['aaa', 'aab', 'aaz', 'aba', 'zyz', 'zza', 'zzz']

Cheers,
John
Jun 9 '06 #6

P: n/a
alpha = string.lowercase
x=(a+b+c for a in alpha for b in alpha for c in alpha)
Jun 9 '06 #7

P: n/a
Rob Cowie wrote:
Hi all,

I wish to generate a sequence of the form 'aaa', 'aab', aac'.... 'aba',
'abb', 'abc' etc. all the way to 'zzz'.

How would you construct a generator to acheive this?

A simple, working but somewhat inelegant solution is...

alpha = ['a','b','c','d'] #shortened for brevity
alpha2 = ['a','b','c','d']
alpha3 = ['a','b','c','d']

def generator():
for char in alpha:
for char2 in alpha2:
for char3 in alpha3:
yield char + char2 + char3

x = generate()
x.next() # etc, etc, etc,


Yet a little more efficient.

import string
alpha = string.lowercase

def generator(choices, length):
length -= 1
if length:
for a in choices:
for g in generator(choices, length):
yield a + g
else:
for a in choices:
yield a

for a in generator(alpha, 3):
print a

--
James Stroud
UCLA-DOE Institute for Genomics and Proteomics
Box 951570
Los Angeles, CA 90095

http://www.jamesstroud.com/
Jun 9 '06 #8

P: n/a
and the winner is... :D
David Isaac wrote:
alpha = string.lowercase
x=(a+b+c for a in alpha for b in alpha for c in alpha)

Jun 10 '06 #9

P: n/a
SuperHik wrote:
and the winner is... :D
David Isaac wrote:
alpha = string.lowercase
x=(a+b+c for a in alpha for b in alpha for c in alpha)



Not necessarily vying for winner, but David's solution is highly
specific as it doesn't do so well for something like

aaaaaaaaaaaaaaaaaaaaaaaaaaaaaaaaaaaaaaaaaaaaaaaaaa aaaaaaaaaaaaa
aaaaaaaaaaaaaaaaaaaaaaaaaaaaaaaaaaaaaaaaaaaaaaaaaa aaaaaaaaaaaab
..
..
..
zzzzzzzzzzzzzzzzzzzzzzzzzzzzzzzzzzzzzzzzzzzzzzzzzz zzzzzzzzzzzzy
zzzzzzzzzzzzzzzzzzzzzzzzzzzzzzzzzzzzzzzzzzzzzzzzzz zzzzzzzzzzzzz
James

--
James Stroud
UCLA-DOE Institute for Genomics and Proteomics
Box 951570
Los Angeles, CA 90095

http://www.jamesstroud.com/
Jun 10 '06 #10

P: n/a
John Machin wrote:
On 10/06/2006 7:49 AM, Rob Cowie wrote:
Hi all,

I wish to generate a sequence of the form 'aaa', 'aab', aac'.... 'aba',
'abb', 'abc' etc. all the way to 'zzz'.

How would you construct a generator to acheive this?

A simple, working but somewhat inelegant solution is...
You're not wrong.

alpha = ['a','b','c','d'] #shortened for brevity


Hope you remember the alphabet correctly.

Not sure I understand your point. Why would I forget the alphabet?
Why type all that punctuation? What punctuation?
Any reason this cruft is global (i.e. not local to the generator)? No
alpha2 = ['a','b','c','d']
alpha3 = ['a','b','c','d']
Hope you get the redundant copy/paste right.

Again, I don't understand what you mean

def generator():
for char in alpha:
Why stop at two spaces? One-space indentation is syntactically correct :-)

As are 3, 4 and 5 space indentation. Yet again, what is your point?
for char2 in alpha2:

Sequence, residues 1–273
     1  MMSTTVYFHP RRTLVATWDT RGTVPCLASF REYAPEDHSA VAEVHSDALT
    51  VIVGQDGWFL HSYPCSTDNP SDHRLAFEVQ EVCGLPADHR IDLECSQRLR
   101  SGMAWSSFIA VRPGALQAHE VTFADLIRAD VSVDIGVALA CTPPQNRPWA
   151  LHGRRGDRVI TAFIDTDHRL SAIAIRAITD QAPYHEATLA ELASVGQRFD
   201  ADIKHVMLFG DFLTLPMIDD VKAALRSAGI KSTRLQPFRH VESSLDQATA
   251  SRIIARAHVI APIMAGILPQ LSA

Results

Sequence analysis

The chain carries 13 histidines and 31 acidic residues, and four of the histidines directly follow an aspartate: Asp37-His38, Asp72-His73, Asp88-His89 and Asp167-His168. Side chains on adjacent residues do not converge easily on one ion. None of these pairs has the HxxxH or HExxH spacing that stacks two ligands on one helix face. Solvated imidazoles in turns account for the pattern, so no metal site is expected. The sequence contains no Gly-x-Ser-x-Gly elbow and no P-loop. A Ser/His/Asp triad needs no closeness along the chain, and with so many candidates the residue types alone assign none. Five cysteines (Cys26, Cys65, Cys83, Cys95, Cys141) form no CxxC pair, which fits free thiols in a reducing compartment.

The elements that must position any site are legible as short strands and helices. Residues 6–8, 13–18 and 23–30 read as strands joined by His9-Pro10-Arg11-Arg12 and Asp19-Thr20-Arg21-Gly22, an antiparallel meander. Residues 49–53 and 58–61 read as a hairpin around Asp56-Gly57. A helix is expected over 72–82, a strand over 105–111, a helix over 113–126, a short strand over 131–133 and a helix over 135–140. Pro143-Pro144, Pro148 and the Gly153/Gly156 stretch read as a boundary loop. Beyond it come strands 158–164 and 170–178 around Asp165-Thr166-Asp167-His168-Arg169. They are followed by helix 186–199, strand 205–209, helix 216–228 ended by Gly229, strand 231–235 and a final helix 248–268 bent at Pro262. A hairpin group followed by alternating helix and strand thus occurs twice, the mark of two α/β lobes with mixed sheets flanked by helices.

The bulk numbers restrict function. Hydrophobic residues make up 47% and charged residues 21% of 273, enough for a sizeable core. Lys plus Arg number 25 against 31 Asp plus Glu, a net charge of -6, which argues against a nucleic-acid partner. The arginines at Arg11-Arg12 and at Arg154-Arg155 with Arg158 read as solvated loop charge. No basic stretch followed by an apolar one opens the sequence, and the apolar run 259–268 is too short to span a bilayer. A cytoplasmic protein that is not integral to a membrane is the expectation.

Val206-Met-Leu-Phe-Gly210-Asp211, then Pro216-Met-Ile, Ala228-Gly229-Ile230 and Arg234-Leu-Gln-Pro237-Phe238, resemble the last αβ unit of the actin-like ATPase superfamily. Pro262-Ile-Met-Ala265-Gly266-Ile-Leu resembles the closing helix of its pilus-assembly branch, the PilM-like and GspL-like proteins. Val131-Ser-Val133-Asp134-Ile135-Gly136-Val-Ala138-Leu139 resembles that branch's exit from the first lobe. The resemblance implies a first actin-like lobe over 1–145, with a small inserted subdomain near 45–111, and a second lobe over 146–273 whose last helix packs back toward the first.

for char3 in alpha3:
yield char + char2 + char3

x = generate()
Did you meant "generator"?

Yes, made a mistake
x.next() # etc, etc, etc,


|>> def generator():
... import string
... alpha = string.ascii_lowercase
... for char in alpha:
... for char2 in alpha:
... for char3 in alpha:
... yield char + char2 + char3
...
|>> x = generator()
|>> the_lot = list(x)
|>> len(the_lot) == 26 ** 3
True
|>> [the_lot[i] for i in (0, 1, 25, 26, -27, -26, -1)]
['aaa', 'aab', 'aaz', 'aba', 'zyz', 'zza', 'zzz']

Cheers,
John


I'm aware the code I posted is not great - it isn't code I would
consider using. It was only intended to serve as an illustration of the
task at hand in case my explanation wasn't sufficient.

I'm grateful to you for using list(generator) in your example. I was
not aware this could be done (I haven't yet fully read the generator
documentation).

Rob C

Jun 10 '06 #11

P: n/a
Rob Cowie wrote:
Why type all that punctuation?


What punctuation?


['','','','']['','','','']['','','','']

(also see david isaac's post)

</F>

Jun 10 '06 #12

P: n/a
On 10/06/2006 7:01 PM, Rob Cowie wrote:
John Machin wrote:
On 10/06/2006 7:49 AM, Rob Cowie wrote:
Hi all,

I wish to generate a sequence of the form 'aaa', 'aab', aac'.... 'aba',
'abb', 'abc' etc. all the way to 'zzz'.

How would you construct a generator to acheive this?

A simple, working but somewhat inelegant solution is... You're not wrong.
alpha = ['a','b','c','d'] #shortened for brevity

Hope you remember the alphabet correctly.

Not sure I understand your point. Why would I forget the alphabet?


.... or mistype it? If you use string.ascii_lowercase, your readers know
what is intended without checking that it is in fact that.
Why type all that punctuation? What punctuation?


Refer to the effbot's post.
Any reason this cruft is global (i.e. not local to the generator)? No


The point being that gizmoids should not be given a wider visibility
than is required. A handy side effect is that it is more efficient to